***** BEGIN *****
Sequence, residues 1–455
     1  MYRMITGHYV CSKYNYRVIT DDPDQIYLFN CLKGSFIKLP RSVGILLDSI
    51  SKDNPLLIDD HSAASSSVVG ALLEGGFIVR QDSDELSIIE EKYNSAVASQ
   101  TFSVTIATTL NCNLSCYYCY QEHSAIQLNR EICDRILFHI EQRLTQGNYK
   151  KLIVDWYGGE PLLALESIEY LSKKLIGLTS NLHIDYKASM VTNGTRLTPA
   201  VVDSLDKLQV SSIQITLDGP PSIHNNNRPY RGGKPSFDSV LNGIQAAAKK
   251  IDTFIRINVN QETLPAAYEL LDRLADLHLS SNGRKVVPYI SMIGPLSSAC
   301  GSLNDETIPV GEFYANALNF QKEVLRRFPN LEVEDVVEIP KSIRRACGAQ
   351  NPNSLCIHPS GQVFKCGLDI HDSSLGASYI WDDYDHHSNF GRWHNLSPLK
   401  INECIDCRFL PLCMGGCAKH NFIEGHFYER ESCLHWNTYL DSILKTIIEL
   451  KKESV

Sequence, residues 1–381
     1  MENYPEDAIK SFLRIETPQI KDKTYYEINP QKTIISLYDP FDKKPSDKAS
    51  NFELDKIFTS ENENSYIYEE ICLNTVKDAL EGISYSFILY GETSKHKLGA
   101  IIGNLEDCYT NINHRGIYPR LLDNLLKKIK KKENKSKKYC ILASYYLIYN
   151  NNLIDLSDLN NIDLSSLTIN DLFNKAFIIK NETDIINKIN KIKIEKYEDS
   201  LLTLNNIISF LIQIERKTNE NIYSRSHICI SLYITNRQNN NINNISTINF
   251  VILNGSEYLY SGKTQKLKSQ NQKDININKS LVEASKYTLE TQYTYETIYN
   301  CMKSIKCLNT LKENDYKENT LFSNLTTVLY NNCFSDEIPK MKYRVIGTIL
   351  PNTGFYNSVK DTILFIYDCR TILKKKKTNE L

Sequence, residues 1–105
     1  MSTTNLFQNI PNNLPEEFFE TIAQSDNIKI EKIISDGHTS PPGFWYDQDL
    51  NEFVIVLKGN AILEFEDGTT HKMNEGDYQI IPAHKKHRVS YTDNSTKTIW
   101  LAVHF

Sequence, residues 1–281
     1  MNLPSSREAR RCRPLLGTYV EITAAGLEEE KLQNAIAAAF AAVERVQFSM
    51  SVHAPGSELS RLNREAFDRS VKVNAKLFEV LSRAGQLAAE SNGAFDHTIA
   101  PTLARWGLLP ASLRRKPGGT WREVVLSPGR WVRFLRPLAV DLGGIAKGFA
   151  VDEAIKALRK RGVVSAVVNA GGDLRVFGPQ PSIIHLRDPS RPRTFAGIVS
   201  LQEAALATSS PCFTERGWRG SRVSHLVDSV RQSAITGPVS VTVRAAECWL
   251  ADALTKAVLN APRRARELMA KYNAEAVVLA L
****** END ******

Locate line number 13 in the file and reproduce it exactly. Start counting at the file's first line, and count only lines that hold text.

     1  MENYPEDAIK SFLRIETPQI KDKTYYEINP QKTIISLYDP FDKKPSDKAS